They select from curiosity shops

Richard Le Gallienne, « On playing at House and Garden From Childhood to Old Age the game of home creation retains its Vital and Elemental Human Appeal », House  & Garden, vol. 53, New York, 1928, p. 234.

There is no game that children love so much as playing at house, and the  wisest and happiest of grow-up children also love that game best.

Compared with it, other games are either  feverish escapes from the ennui of living, artificial devices to hide  our sadness even from ourselves-and this applies even to such honored games of the higher mathematics as chess and poker- or they are slightly disguised hygienic exercises such as golf, grimly pursued in a losing fight with the liver or old age.
All such games are abstracts, purposeful, moralistic even. They are not play in that real sensée of the world, instructive and rather mysterious, which applies to the pretty spontaneous gambols of all young life, the rhythmic antics of puppies, kitten, even baby rattle-snakes. There is no real human joy in them, no music, no dream. They have  no roots so to say; they are not vitally concerned with humanity, as for instance, the game of a little girl playing with her dolls. But playing at house at whatever age we play it, is just such a vital, natural, elemental game. Playing at house- and garden ; for a house without a garden is hardly a house, as indeed a garden without a house is hardly a garden except in a technical horticultural sense.
The 18 th century poet Cowley-whose poetry is long since unread but whose essays it is our own loss if we do not read- was speaking for others besides himself when be expressed his desire to « be master at last of a small house and large garden ». So when we play at house, our game is incomplete unless we play at garden as well. If we are city-dwellers-unless it be our good fortune to live in some old European city, such as Paris- it is not easy to play at both. Though, if we are domiciled on the top-floor, we may, in any city, enjoy one of the most
Fascinating gardens of all, the roof-garden, as some wise New Yorkers, with « hanging-gardens » twenty stories and more up in the sky, will not need to be told.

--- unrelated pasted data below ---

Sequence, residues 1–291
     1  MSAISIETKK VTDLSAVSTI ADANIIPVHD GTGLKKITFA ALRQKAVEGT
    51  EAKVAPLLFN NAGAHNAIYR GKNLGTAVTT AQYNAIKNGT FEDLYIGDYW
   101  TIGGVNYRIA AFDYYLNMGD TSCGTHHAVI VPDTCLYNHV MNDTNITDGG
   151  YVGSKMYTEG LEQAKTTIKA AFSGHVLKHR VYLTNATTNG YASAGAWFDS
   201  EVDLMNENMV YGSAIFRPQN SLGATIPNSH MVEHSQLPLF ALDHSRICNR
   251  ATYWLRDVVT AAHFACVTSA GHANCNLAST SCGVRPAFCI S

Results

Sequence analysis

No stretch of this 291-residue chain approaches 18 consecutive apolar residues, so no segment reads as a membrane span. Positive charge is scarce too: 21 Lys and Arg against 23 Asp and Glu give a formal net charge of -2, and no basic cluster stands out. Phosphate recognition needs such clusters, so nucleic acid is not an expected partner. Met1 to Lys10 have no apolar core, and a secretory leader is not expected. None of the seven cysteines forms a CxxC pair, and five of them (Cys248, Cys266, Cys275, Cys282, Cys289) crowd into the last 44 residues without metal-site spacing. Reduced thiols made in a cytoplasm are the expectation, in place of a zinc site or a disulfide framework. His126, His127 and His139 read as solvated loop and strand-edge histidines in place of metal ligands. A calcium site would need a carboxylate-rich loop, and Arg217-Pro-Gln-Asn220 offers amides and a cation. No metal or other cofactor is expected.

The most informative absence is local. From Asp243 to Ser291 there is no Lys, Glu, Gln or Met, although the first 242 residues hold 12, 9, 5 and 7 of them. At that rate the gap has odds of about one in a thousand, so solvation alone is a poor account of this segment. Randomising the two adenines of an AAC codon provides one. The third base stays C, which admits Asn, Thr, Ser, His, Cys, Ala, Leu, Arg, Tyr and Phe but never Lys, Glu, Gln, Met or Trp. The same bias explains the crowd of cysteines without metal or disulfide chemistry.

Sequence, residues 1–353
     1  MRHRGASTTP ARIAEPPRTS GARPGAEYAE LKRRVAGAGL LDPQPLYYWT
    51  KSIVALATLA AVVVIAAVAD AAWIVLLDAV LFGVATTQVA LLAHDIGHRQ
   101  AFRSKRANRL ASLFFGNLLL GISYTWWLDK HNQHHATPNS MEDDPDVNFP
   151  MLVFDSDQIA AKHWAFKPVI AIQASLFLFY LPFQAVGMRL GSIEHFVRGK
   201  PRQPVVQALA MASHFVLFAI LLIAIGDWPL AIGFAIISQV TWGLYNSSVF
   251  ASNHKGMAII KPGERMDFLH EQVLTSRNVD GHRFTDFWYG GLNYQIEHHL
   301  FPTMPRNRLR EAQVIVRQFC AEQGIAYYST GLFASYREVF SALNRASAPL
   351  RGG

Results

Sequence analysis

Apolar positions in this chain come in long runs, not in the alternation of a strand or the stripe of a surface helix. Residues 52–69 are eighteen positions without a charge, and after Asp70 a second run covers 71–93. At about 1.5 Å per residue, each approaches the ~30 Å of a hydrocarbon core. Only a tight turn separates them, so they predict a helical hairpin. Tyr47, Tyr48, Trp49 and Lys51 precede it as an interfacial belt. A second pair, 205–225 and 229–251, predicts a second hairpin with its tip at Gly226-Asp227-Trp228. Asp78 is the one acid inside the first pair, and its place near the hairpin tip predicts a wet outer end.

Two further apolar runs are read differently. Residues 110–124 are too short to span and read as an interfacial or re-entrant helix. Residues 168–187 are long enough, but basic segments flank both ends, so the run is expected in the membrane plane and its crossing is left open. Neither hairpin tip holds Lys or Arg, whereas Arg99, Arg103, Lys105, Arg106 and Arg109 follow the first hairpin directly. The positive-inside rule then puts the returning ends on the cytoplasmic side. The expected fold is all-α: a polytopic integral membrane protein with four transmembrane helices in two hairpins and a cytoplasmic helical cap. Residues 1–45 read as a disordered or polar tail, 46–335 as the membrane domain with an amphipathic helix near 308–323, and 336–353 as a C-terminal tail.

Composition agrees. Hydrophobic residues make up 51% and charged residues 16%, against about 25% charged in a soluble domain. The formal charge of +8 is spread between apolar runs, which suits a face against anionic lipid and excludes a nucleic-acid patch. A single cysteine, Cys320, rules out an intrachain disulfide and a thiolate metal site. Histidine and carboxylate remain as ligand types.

As I said above, the game of house and garden can be played at.  .
Any age, and there is something pathetic in the persistence, with which quite old people go on playing it till the very end, creating new homes to  match their individual needs and tastes, which in the nature of things they can occupy for so short a time.
Fortunately, however such considerations never seem to trouble them, and indeed,  if we allowed the brevity of human life to Influence us, very few enterprises would be undertaken at all, even by the young. In this respect young and old alike remind one of those caddis-worms which we have all seen moving along at the pebbly bottoms of shallow streams, those larvae of the caddis-fly which for the short period between worm and fly, build themselves tiny moving houses of bits and stick and leaves and grains of glittering sand, within which they await their metempsychosis into the world of sun and breeze.
The comparison is fitting also in the respect- that none of these tiny houses are alike.
Individual choice has mysteriously entered into the construction of each one.  And so with human-beings. However small the house they play at buiding, its creators aim at « the individual note » features of various kinds which they fondly dream express them and no else in the world.
If they are not able to build it externally according to their wishes, at least they can make it internally characteristic of themselves, and just as the caddis-worm selects bits of this and that from the bottom of the stream, they select from curiosity shops, and furnishing stores of all kinds, just that old oak,  those old rugs, old china, glass, pewter, old prints and so forth which, brought together by their creative choice, result in a harmony which means their homes and no other home in the world.